[Bangladesh] "Choi jhal" experience at Abbas Restaurant, Khulna

We did an overnight stopover at Khulna, Bangladesh’s 4th most populous city and the nearest major urban centre to the Sundarbans, the world’s largest mangrove swamps (listed by UNESCO as a world heritage site) - 3,900 square miles and home to the Bengal tiger, besides crocodiles, snakes, dolphins and dozens of other species of birds & reptiles. The neighbouring town of Bagerhat is also worth a visit, to see its ancient mosques today (including the 500-year-old UNESCO World Heritage-listed 60-Dome Mosque).

Dinner was at Abbas, one of the best-known eateries in Khulna. It offers only one dish - mutton bhuna, a spicy mutton stew which gets its heat from the “choi jhal” (“jhal” means ‘hot’ in Bengali), the wooden parts of a horseradish plant.

Choi (চৈ) is a traditional spice that is popular in Khulna (খুলনা), perhaps the last bastion of this rare spice, although it’s sometimes found in neighbouring Jessore, Bagerhat and Satkhira regions. Some dubbed this climbing vine-plant the “forgotten fire of Indian cuisine”:

The use of “choi jhal” to add heat to Bengali cuisine pre-dates the introduction of chilis/peppers by the Portuguese in the 15th-century.

The roots, and the stem part just above the roots are preferred as the heat is strongest in these parts of the tree. The twigs and branches yielded some chili-like heat as well, but are more subtle. “Choi jhal” on sale in fhe local market as we saw the next morning:

Bangladeshis, like the Indians and the Spanish, have their evening meal pretty late: peak dinner-time starts between 10pm-11pm. Abbas is usually filled to the brim at the time. Which is pretty providential for us as we arrived at a largely empty restaurant at 8pm - since I can’t imagine queuing for a table outside a jam-packed eatery at the end of a long day on the road.

Abbas serves only one dish: mutton bhuna - a spicy, utterly delicious, blow-your-tongue slow-cooked meat stew, served atop steamed white rice. Besides the sweetness from the onions, the pungency of whole garlic cloves, and the obligatory “family secret blend of spices”, the chili-heat here is derived from the “choi jhal” plant, instead of chili peppers. The “choi jhal” is cut into matchstick-length strips of wood, and imparts a fiery-hot flavour which can rival the Scotch bonnet.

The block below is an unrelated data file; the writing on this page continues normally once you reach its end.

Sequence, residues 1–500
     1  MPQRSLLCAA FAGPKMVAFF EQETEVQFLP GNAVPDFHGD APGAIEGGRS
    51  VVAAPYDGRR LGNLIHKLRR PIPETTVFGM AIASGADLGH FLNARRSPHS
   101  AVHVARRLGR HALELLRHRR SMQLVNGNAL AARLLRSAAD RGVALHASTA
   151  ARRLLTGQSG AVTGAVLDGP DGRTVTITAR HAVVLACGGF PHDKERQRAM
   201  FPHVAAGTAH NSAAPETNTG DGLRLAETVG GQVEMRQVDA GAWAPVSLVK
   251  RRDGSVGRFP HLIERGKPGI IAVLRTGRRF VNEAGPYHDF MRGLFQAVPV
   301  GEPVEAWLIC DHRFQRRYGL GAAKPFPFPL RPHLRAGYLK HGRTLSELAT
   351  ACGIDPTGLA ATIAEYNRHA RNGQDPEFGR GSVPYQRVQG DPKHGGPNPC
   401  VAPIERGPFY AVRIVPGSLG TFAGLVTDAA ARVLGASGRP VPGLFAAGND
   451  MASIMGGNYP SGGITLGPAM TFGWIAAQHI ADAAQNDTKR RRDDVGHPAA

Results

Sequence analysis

The way the mutton bhuna is served is quite interesting: each diner is given a huge plate of steamed white rice, and a server will come round with a large metal basin filled with the “mutton bhuna”. You tell the server (if you don’t speak Bangla, make sure you bring along a Bangla-speaking companion) which part you’d prefer: a mutton chop, a rib, a meaty belly cut, some liver or heart or kidney, a clove of garlic, and the waiter will spoon your selection on top of your rice.

Bangladeshi/Bengali cooking utilises the pungent mustard oil, so as you eat with your hands (no fork or knife here), you’ll notice the yellow tinge on the rice and on your hands. Everything was scrumptious.

I noticed the local diners chewing on the “choi jhal” like sugarcane for a more fiery sensation - I couldn’t: I tried and it felt like biting on a broken piece of a window-sill.

Overall, a really good dining experience. I always preferred to eat “the way locals eat” instead of hotel cafes or restaurants targeted at foreigners. Eating local is, after all, part of the experience of visiting the place.


How do you manage eating with your hand?

I notice some taps on the last photo, that’s more assuring.

Ah. That answers a question I was going to ask about how you get on with the language in these non-touristy places.

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I am quite proficient with eating using my hand - exposure to Malay and Indian cultures in multi-cultural Singapore/Malaysia ever since I was a toddler also ensured that I can eat chili-spicy Malay and Indian curries for as long as I can remember. Most Chinese-Singaporeans can switch to using hands whilst eating in an Indian restaurant as easily as we can revert back to chopsticks in a Chinese one, or cutlery in a Western setting.


Most Bangladeshis actually make for the wash-taps first to wash their hands as soon as they enter a restaurant, even before they were shown to their tables!

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Ah of course. I completely forgot you could switch back and forth with ease.

But what about people who don’t or can’t eat without cutlery for whatever reason?

I see no women. Is this commonplace when eating out? A friend of mine did a fellowship in Bangladesh and said that it was tough there as a woman professionally.

It’s a very patriarchal society in Bangladesh - I do see women hanging out together, but very few after sunset, unless they are with their families.

Bangladesh’s markets also have almost all-men traders, which really surprised me, as it was exactly the opposite when I was in Siem Reap, Cambodia, in January - over there, the market traders are all-women, with nary a man in sight.

It wasn’t that bad, actually - every eatery we encountered can provide you with at least a dessert spoon & a fork to eat with if you really can’t use hands. I did pack a couple of these Japanese-made “travel cutlery set” , but never felt the need to bring them out throughout our two-week journey.

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